TO: Mr. Mike Mathis, Superintendent
FROM: Ms. Sharon Smith
DATE: February 8, 2002
RE: Citizen’s Injury and School’s Liability /Responsibility
Mr. John Smith called today regarding an injury his wife received while on school property. She tripped on a broken sidewalk in front of the school and broke her arm. Mr. Smith requested that the school pay for her medical bill incurred from the injury.
According to state law and federal law, neither the school nor the school district is liable for personal injury in this situation. The Texas Tort Claims Act states that liability can be imposed only when the injury arises from the negligent use or operation of a motor vehicle operated by a school officer or employee within the scope of the employment. As there was no motor vehicle involved in this unfortunate accident, the school district is not liable under §101.051 of the Civil Practices and Remedies Code.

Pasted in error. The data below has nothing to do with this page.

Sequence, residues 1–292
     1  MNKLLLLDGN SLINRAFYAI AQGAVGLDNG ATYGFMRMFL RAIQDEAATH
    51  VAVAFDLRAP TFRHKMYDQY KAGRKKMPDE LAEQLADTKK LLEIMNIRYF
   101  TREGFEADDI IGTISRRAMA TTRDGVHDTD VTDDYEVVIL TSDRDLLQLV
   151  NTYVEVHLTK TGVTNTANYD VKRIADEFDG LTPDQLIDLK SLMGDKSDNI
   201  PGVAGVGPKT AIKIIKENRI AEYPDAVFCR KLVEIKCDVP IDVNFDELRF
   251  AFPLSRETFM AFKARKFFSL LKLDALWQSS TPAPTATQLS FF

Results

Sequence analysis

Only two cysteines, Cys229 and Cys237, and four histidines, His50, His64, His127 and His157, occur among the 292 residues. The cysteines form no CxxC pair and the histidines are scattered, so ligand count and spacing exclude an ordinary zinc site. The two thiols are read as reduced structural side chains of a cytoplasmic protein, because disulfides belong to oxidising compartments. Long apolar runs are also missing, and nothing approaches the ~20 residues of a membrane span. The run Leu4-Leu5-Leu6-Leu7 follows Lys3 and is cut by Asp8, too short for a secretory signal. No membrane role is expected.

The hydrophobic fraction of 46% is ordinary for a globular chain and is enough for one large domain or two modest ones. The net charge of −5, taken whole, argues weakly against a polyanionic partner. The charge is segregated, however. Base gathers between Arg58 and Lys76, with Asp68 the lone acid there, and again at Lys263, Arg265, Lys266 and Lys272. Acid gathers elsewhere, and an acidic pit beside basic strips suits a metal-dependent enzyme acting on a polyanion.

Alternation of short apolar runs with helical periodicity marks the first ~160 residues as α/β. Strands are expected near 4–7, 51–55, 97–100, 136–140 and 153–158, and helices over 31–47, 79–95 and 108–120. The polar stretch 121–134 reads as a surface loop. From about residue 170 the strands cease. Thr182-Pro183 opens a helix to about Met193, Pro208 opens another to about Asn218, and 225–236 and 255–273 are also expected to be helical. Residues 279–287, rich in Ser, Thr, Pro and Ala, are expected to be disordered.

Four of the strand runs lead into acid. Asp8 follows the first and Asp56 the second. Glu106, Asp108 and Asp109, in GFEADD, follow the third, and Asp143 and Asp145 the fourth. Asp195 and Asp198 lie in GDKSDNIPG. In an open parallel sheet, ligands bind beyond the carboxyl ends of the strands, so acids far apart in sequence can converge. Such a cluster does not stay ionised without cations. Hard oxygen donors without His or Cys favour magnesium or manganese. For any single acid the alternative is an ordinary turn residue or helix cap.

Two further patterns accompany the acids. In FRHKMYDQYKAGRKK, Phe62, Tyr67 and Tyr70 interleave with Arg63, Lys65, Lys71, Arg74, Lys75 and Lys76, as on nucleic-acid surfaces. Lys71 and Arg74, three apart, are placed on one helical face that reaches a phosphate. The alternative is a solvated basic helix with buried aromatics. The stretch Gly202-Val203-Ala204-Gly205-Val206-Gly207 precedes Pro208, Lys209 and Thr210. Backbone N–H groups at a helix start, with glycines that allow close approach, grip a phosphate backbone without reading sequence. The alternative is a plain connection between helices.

The Texas Education Code §22.051 states that professional school employees are provided with “qualified immunity” from tort liability. Therefore, our professional school employees cannot be individually sued with negligence over this situation. Our maintenance workers, however, are not considered “professional employees” under the state requirements for tort liability. They are not protected with the qualified immunity from lawsuits resulting from negligence, but they are offered protection through our insurance policy.
Federal law specifies that a litigant may hold liable every person who has deprived the litigant of rights protected by the U.S. Constitution or by federal law, when that person has done so acting under color of state law. The United States Code (volume 42 §1983) provides a broader basis for litigation in federal court, and it might be possible for this case to be framed under federal law instead of state law. Since a §1983 lawsuit basically involves a charge of an abuse of governmental authority that deprives...